The Virtue of Vision

By Jean-Baptiste Mauzaisse
Read Time: 3 minutes

Athenian Wisdom & Medusian Hubris 

Perseus Confronting Phineus with the Head of Medusa, by Sebastiano Ricci, circa 1705–1710

“Ὀφθαλμοῦ κράτει.”

“Control the Eye.” — Delphic Maxim 102

One of the central tenets of Hellenismos is moderation, namely, through the rejection of hedonism and hubris. Numerous examples throughout the mythos illustrate the fatal consequences of embracing arrogance, the characteristic that is so thoroughly despised by the Gods: Icarus and Bellerophon both fell from great heights to their own destruction; Narcissus drowned due to his infatuation with himself; Arachne was transformed into a spider after she pompously insisted that she was superior to the Goddess of Wisdom. 
  This theme persists throughout various tales, but the most notable is that of Medusa. The notorious Gorgon who was transformed into a serpentine monstrosity due to sexual engagement with Poseidon while in Athena’s temple serves as the subject for much discussion; while Ovid’s Roman account of this myth differs from the original Greek account as discussed by Apollodorus, the prominent thesis behind it remains similar- that of the virtue of vision. 

Athena possesses various epithets, as do all of the Olympian Gods: Athena Parthenos, Athena the Virgin; Athena Promachos, Athena that stands upon the frontline[of warfare], and, as pertinent to this essay, Athena Glaukopis, Athena the Owl-Eyed. These three characteristics are integral in understanding the foundational traits of the Warrior of Wisdom & Virgin of Virtue. The feature of being “Owl-Eyed” describes the Grey-eyed Goddess’ piercing perception, that penetrates any and all forms of deception, manipulation, ambiguity or obscurity. All intentions and inclinations are revealed according to her divine discernment; this trait proves significant in the Medusa myth.

The Gorgon, in contrast, causes all who meet her fatal gaze to turn to stone; her vision is the inversion of that of Goddess Athena’s; it is the obstruction of sight due to hubris and hedonism, and the inability of mortals to possess the capacity to perceive life with clarity, should they be blinded by their own arrogance. Accordingly, all meaningful relationships are paralyzed and rendered ineffective; the arrogant damn themselves to isolation, misunderstanding and misery.

This theme is likewise consistent in Perseus’ encounter with the Graeae[the Grey Sisters], the sisters of the Gorgons, whose one flaw Perseus would prove able to successfully take advantage of to provoke them to disclose the location of Medusa: the three of them possessed only one eye with which to pass between them, and see. They illustrate a lack of sight, discernment and wisdom. 

Perseus, after having been tasked with the endeavor of bringing back the head of the Gorgon as a prize, was provided the Aegis of Athena and warned that if he were to be able to successfully slay her, he would have to fight her while looking to the reflection within the shield; his own mortal sight would provide insufficient in battling the monster of hubris. Only through wisdom would he prove capable of completing the task provided to him; to see not with his own eyes, but through the eyes of wisdom.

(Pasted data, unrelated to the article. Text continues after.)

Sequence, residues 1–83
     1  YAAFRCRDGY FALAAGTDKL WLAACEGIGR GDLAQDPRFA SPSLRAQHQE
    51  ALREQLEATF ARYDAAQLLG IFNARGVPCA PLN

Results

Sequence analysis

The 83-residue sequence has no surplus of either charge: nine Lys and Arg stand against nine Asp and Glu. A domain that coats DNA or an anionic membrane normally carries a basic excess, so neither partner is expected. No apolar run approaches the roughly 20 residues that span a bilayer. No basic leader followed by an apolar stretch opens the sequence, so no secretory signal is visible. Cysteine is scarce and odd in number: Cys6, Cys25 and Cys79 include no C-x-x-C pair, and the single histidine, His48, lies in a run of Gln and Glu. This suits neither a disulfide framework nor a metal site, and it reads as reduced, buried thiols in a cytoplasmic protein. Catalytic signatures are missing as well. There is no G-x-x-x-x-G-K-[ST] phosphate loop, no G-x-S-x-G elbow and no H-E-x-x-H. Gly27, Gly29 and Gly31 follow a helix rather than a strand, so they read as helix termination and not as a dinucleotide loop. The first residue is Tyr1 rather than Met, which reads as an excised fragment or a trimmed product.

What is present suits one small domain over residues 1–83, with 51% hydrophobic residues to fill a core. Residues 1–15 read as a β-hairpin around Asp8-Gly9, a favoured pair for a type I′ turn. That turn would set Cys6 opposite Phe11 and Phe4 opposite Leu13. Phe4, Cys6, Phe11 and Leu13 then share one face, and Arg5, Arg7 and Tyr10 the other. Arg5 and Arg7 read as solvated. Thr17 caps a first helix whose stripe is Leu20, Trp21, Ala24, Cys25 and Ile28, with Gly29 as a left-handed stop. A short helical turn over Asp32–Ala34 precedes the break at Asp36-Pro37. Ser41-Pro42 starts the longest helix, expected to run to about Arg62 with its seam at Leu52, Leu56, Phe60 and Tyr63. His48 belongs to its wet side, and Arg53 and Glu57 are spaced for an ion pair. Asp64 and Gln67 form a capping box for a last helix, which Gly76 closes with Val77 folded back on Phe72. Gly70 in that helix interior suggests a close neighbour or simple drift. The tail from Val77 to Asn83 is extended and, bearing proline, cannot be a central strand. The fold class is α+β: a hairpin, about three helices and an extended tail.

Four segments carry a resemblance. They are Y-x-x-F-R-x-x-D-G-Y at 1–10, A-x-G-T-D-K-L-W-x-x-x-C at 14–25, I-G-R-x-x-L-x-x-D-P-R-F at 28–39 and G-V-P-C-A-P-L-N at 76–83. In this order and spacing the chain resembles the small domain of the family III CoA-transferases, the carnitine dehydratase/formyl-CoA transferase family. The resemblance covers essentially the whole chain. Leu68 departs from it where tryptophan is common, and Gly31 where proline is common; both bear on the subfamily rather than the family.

Perseus with the head of Medusa, Benvenuto Cellini, circa 1545–1554.

 The heroic archetype of Perseus, like that of Heracles, in his twelve labors to pay recompense for his immoral actions, Theseus, in his determination of the right of the Athenians to lead themselves, and Achilles, in the sacrifice of his own life in the pursuit of glory, acknowledges the necessity of sacrifice, the confrontation of one’s own egotistical pursuits, and the acceptance of one’s own ignorance in order to provide fertile ground for the cultivation of Wisdom.

The severed Gorgoneion head placed upon Goddess Athena’s Aegis illustrates an eternal reminder of Wisdom’s victory over hubris, hedonism and materialism, and every Hellenist bears this moral responsibility within themselves, in the confrontation of their own Gorgon. This myth, like the tragedies of Narcissus, Icarus, and Arachne, act as a warning against the deification of one’s own mortal fallibilities and arrogance; the acknowledgment of one’s own ignorance is the first necessary step in the pursuit of virtuous Wisdom, and integral in walking within the path of Hellenismos.

“I am wiser than this man; it is likely that neither of us knows anything worthwhile, but he thinks he knows something when he does not, whereas when I do not know, neither do I think I know.” — Socrates, Apology

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  1. Thanks for the memories of one of my journeys 30 yrs. back. I ventured into the New Age arena and found a workshop that taught your presentation of the Greek Mythology.

    Wasn’t cheap. Though I was stimulated and enlighten. I was always skeptical to believe that the sagas were distortions of the ancient world. As if to believe hidden mysteries were within the stories. One would have to compare other aspects of the entire world and look for similarities of myths and legends. Then try to draw a hypothesis of myths and legends.

    A very interesting book that I came across is a must to read.

    At the age of 63. I recently did a DNA through I found to be 40/40 on Greek and Roman. The rest are diverse in being as well.
    Nordic, West Asian, North African, Hebrew and the lest Irish.

    Finding this out. I can see why I was always intrigued with the Ancient World. It’s has been
    A long time since I gave any interests in those studies back then. Yet a spark has aroused me to continue into my journey.

    Thanks and Happy Trails

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